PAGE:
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Available from: Bernard Dardzinski, Oct 08, 2014
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    • "Furthermore, T 1w GE sequences can adopt Fat Suppression (FS) to increase the contrast between the bone and cartilage removing most of the signal from the bone, so providing a sharper delineation of the BCI[5]. Three-dimensional fat suppressed spoiled gradient-echo (FS SPGR)[5]and DESS (Dual Echo Steady State)[17]sequences are commonly used in clinical examinations for the quantitative imaging of the cartilage. SPGR[7]and DESS sequences adopt FS to increase the contrast of the cartilage and evidence micro lesions. "
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    ABSTRACT: Segmentation of cartilage from Magnetic Resonance (MR) images has evolved as a tool for the diagnosis of knee joint pathologies. However, accuracy and reproducibility of automated methods of cartilage segmentation may require the prior extraction of bone surfaces from MR imaging sequences specifically designed to evidence the cartilage and not the bone. Thus a priori knowledge of knee joint structures and fully automated segmentation methods are adopted to provide reliable detection of bone surfaces. In this paper, we review knee bone segmentation methods from MR images. We classified the methods proposed in literature according to the level of a priori knowledge, the level of automation and the level of manual user interaction. Furthermore we discuss the segmentation results in literature in relation to the MR sequences used to image the bone.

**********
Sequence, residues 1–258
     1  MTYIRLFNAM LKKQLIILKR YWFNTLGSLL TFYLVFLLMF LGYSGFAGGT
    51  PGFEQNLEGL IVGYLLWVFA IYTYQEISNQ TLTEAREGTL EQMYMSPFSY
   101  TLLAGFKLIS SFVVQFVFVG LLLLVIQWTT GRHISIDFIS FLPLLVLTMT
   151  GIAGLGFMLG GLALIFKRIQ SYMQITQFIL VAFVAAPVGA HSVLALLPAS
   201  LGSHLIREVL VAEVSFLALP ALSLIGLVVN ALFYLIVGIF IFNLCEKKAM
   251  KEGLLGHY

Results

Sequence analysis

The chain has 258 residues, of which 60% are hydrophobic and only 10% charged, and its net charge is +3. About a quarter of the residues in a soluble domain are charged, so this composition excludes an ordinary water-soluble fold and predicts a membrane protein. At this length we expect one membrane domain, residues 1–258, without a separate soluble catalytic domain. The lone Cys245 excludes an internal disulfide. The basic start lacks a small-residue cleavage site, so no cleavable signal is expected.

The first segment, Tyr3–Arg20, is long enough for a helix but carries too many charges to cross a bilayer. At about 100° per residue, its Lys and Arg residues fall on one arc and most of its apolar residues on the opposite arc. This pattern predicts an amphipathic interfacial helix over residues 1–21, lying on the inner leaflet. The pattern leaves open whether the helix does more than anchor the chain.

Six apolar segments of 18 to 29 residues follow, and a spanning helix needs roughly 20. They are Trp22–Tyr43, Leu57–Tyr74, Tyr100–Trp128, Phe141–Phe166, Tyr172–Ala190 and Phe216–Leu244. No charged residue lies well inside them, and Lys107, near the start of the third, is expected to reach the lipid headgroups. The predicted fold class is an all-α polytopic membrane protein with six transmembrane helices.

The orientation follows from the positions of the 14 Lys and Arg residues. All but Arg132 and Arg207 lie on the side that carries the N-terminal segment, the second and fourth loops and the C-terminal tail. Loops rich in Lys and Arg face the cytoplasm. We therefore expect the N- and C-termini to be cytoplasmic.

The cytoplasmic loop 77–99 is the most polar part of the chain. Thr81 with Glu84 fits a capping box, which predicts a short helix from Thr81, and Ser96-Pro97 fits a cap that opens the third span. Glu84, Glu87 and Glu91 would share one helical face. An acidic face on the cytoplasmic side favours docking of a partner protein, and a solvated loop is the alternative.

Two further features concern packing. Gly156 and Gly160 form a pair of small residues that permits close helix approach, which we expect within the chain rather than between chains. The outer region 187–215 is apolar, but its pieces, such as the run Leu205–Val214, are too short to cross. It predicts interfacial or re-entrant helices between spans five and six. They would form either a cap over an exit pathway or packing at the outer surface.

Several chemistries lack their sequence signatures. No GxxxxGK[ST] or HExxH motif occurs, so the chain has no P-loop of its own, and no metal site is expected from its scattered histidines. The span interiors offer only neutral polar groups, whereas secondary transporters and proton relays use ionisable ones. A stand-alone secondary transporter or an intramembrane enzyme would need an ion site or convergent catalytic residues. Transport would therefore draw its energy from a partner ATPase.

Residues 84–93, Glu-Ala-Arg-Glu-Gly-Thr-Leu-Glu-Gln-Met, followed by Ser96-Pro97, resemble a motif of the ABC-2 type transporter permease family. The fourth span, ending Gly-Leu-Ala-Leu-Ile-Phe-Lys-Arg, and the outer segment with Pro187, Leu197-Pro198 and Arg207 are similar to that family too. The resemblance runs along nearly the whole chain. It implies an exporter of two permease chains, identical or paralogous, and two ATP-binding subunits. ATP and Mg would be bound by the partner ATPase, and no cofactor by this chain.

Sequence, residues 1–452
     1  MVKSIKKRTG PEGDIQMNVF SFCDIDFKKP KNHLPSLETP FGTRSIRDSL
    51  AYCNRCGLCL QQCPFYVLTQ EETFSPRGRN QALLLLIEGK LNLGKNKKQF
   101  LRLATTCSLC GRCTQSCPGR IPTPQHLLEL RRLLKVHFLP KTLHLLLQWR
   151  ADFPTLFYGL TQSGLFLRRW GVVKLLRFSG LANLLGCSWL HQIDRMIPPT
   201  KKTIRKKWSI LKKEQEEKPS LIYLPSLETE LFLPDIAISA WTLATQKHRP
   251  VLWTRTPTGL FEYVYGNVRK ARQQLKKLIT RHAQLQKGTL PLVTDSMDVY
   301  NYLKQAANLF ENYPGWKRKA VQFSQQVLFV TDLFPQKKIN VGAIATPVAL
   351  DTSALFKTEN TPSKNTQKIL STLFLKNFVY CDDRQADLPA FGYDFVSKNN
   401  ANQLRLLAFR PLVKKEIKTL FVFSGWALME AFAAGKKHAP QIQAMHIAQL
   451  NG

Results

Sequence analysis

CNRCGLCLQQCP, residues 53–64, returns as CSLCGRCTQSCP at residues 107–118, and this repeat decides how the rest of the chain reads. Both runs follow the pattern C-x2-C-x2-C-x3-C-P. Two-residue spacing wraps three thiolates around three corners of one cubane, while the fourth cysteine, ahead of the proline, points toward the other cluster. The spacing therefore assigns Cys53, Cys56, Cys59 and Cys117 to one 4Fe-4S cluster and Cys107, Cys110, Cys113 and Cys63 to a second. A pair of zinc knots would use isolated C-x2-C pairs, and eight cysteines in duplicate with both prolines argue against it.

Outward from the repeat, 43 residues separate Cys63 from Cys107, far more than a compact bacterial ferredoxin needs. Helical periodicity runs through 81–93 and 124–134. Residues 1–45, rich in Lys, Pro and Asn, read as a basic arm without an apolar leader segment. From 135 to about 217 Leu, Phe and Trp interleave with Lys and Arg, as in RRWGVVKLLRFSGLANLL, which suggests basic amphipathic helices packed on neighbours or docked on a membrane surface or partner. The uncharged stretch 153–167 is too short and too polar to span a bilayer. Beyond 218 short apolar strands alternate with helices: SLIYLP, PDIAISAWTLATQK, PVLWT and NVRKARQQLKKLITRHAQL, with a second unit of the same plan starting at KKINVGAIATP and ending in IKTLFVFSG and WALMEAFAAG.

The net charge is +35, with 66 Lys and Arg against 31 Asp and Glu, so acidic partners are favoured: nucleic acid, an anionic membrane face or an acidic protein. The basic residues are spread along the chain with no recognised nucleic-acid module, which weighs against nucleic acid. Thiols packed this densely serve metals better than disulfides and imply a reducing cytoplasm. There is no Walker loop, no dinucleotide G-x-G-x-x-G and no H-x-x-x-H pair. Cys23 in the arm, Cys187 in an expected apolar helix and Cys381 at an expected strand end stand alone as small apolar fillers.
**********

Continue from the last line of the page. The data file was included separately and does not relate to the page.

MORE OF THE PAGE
Full-text · Article · Feb 2016 · Biocybernetics and Biomedical Engineering